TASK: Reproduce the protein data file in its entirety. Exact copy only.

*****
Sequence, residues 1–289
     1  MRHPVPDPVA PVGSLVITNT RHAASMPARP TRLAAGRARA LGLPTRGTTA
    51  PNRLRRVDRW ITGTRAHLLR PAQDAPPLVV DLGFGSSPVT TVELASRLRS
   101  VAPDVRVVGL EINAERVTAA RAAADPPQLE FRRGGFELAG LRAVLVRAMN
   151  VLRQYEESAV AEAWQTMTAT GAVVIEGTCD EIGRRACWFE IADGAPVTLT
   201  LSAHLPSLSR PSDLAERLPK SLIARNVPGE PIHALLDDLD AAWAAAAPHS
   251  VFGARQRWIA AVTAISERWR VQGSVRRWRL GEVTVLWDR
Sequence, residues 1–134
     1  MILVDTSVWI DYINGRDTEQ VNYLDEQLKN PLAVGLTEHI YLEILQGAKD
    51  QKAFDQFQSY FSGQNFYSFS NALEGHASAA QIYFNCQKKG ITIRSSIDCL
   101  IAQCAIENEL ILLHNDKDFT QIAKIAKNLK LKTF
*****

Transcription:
Sequence, residues 1–289
     1  MRHPVPDPVA PVGSLVITNT RHAASMPARP TRLAAGRARA LGLPTRGTTA
    51  PNRLRRVDRW ITGTRAHLLR PAQDAPPLVV DLGFGSSPVT TVELASRLRS
   101  VAPDVRVVGL EINAERVTAA RAAADPPQLE FRRGGFELAG LRAVLVRAMN
   151  VLRQYEESAV AEAWQTMTAT GAVVIEGTCD EIGRRACWFE IADGAPVTLT
   201  LSAHLPSLSR PSDLAERLPK SLIARNVPGE PIHALLDDLD AAWAAAAPHS
   251  VFGARQRWIA AVTAISERWR VQGSVRRWRL GEVTVLWDR
Sequence, residues 1–134
     1  MILVDTSVWI DYINGRDTEQ VNYLDEQLKN PLAVGLTEHI YLEILQGAKD
    51  QKAFDQFQSY FSGQNFYSFS NALEGHASAA QIYFNCQKKG ITIRSSIDCL
   101  IAQCAIENEL ILLHNDKDFT QIAKIAKNLK LKTF